I confess that there are several budget savvy moves that I have a terrible time complying with, even though the savings to me would be quite nice. I am going to list my sins and the estimated savings to myself in hopes of shaming me into doing better!
- Not taking the bus. Do you know what it costs me to ride the bus? NOTHING. It’s free with my university ID. Even if it did cost me money, it would be $0.50 a pop. Or a $1 a day to get to and from work. What it costs me instead is time management and planning. Originally my excuse was the operating hours. It used to run just a little too late for me to catch it in the morning and it ended far too early for me to make it home at night. (Even though I could’ve walked home within 30 minutes). That excuse is no more. The bus has expanded operations and runs well into the night. I just have to plan to catch it and be ready at a reasonable time in the morning and then catch it again in the evening by walking a few blocks to one of its stops. **WHINE** I like the freedom of my car and there are days when the bus is not feasible because I have places to go after work that are too complicated to work out by bus. This is a college town, after all, not a big city — and the bus routes reflect that. But seriously, for most days I could catch the bus and pay no parking fees. Since I’m paying on average $6 a day to park in the garage, savings lost to me: $18-30/week depending on what is going on. Monthly: $72 – $120. What?!?! That could be another credit card payment! Or 9 months of that would give me between $600 – $1000 to go lay on a beach somewhere. What is wrong with me?! Bad baby!
- Eating out too much. I love to cook, I really do. But because I’m pulled in so many directions right now, and because I also love food, I find I’m eating out way too often. This could be a pick up bag of McNasty or it could be a bigger sit-down dinner. It feels like a reward after a hard day of hard. Student fallout, divorce fallout, health scare, house refinance, boy dropping a pair of testicles and suddenly deciding he’s King of the Jungle, cat throwing up bloody hairballs, wearing an uber-pink dress in my sister’s wedding, you name it, it’s happened this fall pretty much all at once — pass the Asian-Fusion cuisine, please! I’ve dealt with some of this by being a little kinder to myself. Sometimes our budgets have to stretch to accommodate picking up a pizza for supper that night. We can’t be all things all the time. Sometimes negative life events need to be treated with a helping of sushi. But it does need to stop now. Savings lost to me: I have no idea, as I haven’t bothered to keep track of it. BAD BABY! Bad baby on two fronts! One thing I did do to stem the flow of blood, though, was spend $30 on a giant coupon book full of discounts for things all over this town. My favorite places to eat are in there. That way if I do spend money on eating out, at least I’ll be doing it at half the financial damage.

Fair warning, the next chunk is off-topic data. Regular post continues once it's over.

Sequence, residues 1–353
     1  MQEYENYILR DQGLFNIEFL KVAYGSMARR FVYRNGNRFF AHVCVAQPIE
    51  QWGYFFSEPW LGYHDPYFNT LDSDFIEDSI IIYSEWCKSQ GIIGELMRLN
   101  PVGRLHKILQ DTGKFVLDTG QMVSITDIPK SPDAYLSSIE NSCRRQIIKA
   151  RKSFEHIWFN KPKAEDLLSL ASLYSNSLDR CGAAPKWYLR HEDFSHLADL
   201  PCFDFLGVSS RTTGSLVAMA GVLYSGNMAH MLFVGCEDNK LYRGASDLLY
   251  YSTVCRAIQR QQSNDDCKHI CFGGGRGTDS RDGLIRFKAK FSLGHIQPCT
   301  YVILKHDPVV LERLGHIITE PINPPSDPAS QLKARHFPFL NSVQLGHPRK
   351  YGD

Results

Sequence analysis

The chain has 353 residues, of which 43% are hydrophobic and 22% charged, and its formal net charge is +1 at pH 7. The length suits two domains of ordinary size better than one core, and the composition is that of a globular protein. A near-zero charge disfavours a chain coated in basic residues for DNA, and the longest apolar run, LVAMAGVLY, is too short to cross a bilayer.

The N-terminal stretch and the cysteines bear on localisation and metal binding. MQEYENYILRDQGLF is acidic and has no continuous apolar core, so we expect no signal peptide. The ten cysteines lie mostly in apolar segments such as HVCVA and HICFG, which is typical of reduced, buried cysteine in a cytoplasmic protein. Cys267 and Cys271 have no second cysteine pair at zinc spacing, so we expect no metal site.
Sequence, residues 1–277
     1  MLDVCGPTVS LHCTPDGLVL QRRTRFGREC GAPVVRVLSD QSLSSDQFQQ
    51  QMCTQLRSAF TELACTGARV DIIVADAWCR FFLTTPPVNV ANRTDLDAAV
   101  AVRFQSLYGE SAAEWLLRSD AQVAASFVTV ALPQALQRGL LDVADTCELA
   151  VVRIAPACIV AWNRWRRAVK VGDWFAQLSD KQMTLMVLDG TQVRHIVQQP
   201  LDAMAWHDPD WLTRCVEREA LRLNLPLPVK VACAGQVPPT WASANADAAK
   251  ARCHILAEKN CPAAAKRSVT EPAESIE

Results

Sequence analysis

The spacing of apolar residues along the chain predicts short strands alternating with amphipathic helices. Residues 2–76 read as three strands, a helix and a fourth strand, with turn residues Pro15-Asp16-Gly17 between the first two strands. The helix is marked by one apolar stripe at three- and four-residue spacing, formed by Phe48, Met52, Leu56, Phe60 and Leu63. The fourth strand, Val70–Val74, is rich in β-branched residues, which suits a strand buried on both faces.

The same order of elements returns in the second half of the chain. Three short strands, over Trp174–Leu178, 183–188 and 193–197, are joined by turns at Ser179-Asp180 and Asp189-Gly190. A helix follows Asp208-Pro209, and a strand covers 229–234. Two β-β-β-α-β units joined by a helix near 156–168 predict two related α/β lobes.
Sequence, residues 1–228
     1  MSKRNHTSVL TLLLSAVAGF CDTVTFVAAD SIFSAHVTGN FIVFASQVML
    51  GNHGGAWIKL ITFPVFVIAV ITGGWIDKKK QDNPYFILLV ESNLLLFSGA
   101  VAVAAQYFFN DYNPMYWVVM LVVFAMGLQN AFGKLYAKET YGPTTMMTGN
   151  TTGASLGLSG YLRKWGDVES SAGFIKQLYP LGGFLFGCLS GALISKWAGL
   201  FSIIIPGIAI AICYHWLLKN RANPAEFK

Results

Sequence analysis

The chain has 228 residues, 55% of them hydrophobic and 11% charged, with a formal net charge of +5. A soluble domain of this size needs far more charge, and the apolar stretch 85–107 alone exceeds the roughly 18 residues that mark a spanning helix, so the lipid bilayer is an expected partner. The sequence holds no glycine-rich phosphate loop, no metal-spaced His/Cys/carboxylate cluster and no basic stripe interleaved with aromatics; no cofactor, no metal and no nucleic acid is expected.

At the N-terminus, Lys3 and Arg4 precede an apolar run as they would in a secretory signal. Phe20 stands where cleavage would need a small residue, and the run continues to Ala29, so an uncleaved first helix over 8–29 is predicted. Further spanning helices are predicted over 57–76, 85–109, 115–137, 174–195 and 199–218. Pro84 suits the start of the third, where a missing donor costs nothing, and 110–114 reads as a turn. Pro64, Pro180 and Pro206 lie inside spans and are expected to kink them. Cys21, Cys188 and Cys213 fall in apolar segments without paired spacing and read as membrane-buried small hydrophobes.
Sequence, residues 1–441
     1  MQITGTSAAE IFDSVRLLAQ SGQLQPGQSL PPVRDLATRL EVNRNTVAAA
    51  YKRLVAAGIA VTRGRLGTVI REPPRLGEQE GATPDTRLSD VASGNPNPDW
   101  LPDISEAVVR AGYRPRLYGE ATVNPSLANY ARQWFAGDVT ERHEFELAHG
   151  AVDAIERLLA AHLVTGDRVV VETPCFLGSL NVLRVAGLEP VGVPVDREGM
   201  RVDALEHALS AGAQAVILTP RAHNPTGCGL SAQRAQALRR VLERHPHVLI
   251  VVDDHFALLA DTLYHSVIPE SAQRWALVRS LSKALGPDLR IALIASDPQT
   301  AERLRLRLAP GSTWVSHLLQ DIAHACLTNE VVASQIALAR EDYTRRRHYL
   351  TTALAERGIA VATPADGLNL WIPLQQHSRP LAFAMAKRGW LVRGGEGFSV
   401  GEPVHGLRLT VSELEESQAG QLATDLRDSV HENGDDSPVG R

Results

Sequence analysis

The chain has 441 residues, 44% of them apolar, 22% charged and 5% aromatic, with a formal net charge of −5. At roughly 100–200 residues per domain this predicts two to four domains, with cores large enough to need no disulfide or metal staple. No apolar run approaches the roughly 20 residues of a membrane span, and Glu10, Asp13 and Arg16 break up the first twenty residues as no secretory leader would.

- Emotional spending. This one doesn’t happen very often to me unless you count food. If you count food, I’m a very emotional spender. I tend to think of it more as “stuff,” though, like clothes and furniture and doodads. The worst thing in the world I can do is go to the mall if I’m feeling broody over the divorce, for example. Guess what? Even if it’s 99% off, it’s still wasted money if you don’t need it! Savings lost to me: Again, no idea…didn’t actually keep track of it. BAD BABY! Fortunately, when I do drop money, I rarely drop a lot of it. I have a feeling of revulsion once the amount gets too high for my stomach to bear. I’ve been incorporating two things that have helped significantly. First, I head to the bathtub instead of the mall if I’m feeling sad or worried. I run a bubble bath and pour a glass of wine. And then I lay in it feeling very glamorous. So I remove the temptation from myself, basically. The second thing I have been doing is budgeting in a clothing/gifts jar. (I use a jar method where I take out cash each week and put it into the jars accordingly — I work much better visually that way for some reason.) I also have a jar for “entertainment”, and I’m trying to get better at reserving that jar for the occasional sushi binge. When you know there is a bit built into your budget to spend on such things, it takes a bit of the allure out of random shopping and shopping becomes a planned event. For a few months I got so good at it that I was actually rolling the entertainment and the clothing/gift money into another envelope to then use for Christmas gifts, which were all paid for in cash this year and on budget. So woot, there. Of course this was pre-health scare, pre-final divorce, and pre-ball dropping. So back to the mall I went. Time to revisit my coping methods.